Comment by pauline on Willing to share some words that changed your beliefs/behavior? · 2019-03-24T13:56:41.574Z · score: 3 (2 votes) · LW · GW

Hope you don't mind a longer comment on the nature of this endeavourer. I'm really interested in the phenomenon and like your approach, but uncertain if this methodology will yield results that give evidence on the matter.
With this sentence you'll mix up the results: "summarize what was said if you don't remember exactly, or if the conversation was long and contained a chain of *convincing subpoints*"
To summarize "a speech act" as a conversation muddies the waters on what we're researching here. If a conversation with subpoints counts as "a speech act", then why is this conversation bound to one moment? How about a speech club? If I changed my belief at the end of the semester, surely it was due to "speech acts" on many occasions, but that's not exactly what you're interested in here, if I understand correctly; especially when you're interest was sparked by GPT-2.
So, if I got you, you're referring to a specific act of speech (sentence or sentences) that was/were uttered by one person, to one or many other people, after which they found themselves convinced of a different belief than the one held previously.
Just spontaneously, I'd say my hypothesis would be that there are some four typed of this speech (I used ridiculous examples on purpose):

1) new information that was interpreted as highly probable or with enough probability to tip the scale to the other belief (your trusted friend telling you "I saw your partner cheated on you, I saw it with my own eyes")

2) a summary of different information you already believed in, that gave structure to them, making the model as a whole more probable (your leftist friend at a party telling you "You already know the rich don't pay enough taxes and this has not changed since the financial crisis, even though it was supposed to, because those people pay politicians. Quit supporting a social capitalism and go full communism")

3) the presentation of a view, when the previous belief was held very loosely (your friend at lunch "look, just take the pizza instead of the salad")

4) the presentation of a view you already believed to be true, but where some aspect was diminishing the belief, i.e.. shame of that belief, or guilt (a politician saying "we all know *insert minority here* is actually responsable for the problens you're having").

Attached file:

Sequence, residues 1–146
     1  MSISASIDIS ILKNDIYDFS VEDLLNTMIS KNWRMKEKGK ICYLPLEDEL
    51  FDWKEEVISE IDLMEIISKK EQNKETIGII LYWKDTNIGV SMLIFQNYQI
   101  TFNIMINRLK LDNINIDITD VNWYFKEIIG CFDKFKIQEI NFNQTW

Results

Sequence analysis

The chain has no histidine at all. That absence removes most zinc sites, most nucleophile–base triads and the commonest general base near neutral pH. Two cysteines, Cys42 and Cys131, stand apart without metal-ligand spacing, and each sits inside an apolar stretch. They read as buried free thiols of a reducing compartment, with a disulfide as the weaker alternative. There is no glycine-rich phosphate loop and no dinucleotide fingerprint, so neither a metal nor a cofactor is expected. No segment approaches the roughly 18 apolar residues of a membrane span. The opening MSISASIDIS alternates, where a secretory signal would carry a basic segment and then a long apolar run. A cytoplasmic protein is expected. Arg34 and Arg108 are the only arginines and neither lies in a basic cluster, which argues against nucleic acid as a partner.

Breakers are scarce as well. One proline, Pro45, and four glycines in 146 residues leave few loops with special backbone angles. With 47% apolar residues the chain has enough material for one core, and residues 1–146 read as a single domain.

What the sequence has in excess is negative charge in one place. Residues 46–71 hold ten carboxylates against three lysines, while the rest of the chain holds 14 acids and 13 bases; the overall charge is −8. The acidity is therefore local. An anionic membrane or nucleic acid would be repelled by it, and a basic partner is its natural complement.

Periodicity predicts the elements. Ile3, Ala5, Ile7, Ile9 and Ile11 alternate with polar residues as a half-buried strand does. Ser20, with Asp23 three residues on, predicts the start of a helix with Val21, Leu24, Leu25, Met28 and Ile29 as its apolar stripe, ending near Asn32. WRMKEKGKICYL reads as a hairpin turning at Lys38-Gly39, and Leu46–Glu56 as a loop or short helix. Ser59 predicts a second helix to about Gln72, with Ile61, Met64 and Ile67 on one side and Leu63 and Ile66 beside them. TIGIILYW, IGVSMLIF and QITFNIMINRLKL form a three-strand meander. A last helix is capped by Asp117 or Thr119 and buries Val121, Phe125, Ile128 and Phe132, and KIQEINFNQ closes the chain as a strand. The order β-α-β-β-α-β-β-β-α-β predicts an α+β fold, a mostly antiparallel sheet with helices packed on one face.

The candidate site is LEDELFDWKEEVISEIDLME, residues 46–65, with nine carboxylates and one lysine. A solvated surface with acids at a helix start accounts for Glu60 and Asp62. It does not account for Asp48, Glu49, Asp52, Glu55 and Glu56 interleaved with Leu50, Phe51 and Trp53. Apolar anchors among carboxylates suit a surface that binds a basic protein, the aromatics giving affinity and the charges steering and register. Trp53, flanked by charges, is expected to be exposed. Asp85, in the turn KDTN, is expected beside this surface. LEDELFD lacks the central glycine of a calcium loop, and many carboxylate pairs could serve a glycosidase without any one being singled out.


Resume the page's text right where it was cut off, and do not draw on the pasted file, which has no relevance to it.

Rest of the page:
The most important aspect of these sentences (both in fiction and real life) is their context. That goes for private conversation and political speeches. In order to really analyse the importance of these sentences you'd need more context than the survey supplies. My prediction (65%) would be, that these sentences sound to outsiders either increadably banal (4, 2) or possibly likely, but not without context (1, 3). The same divide applies to what we define as "belief" (I know, I don't wanna get into this either, just hear me out): 4 and 2 are aspects you beliefed already, if the evidence is looked at closely enough; the person just realises in that moment they actually do hold this belief. 1 and 3 are situation where a shift in evidence actually shifts your belief.
Behaviour is another bag altogether, imho. Good luck! I'm interested in the results nonetheless.

Comment by pauline on Some Thoughts on My Psychiatry Practice · 2019-03-06T12:20:00.668Z · score: 13 (4 votes) · LW · GW

I felt so hilariously called out by this post I actually bothered to make an account after years of lurking. I fit that patient description quite well, or did anyway. This is one aspect of why I always went for CBT and never even considered psychoanalasys.

I'd be highly interested in further thoughts on the matter. In case you care for a patient reflection (I'm no psychologist): I think the social connection between identity (for example job) and social relations can be close. I chose to hold onto my identity because I thought all my relationships would crumble if I gave it up, even after the identity was no longer serving my experience. This is also not entirely unreasonable - many relationships do rely on collective identity, for better or worse. It is about preserving the one life that was aquired through the means of this identity, the job etc., and not building a new life with a new identity. This might be why patients rather stay in a job that makes them want to kill themselfs and don't see a way out - they might try to save the life connected to this identity by all means.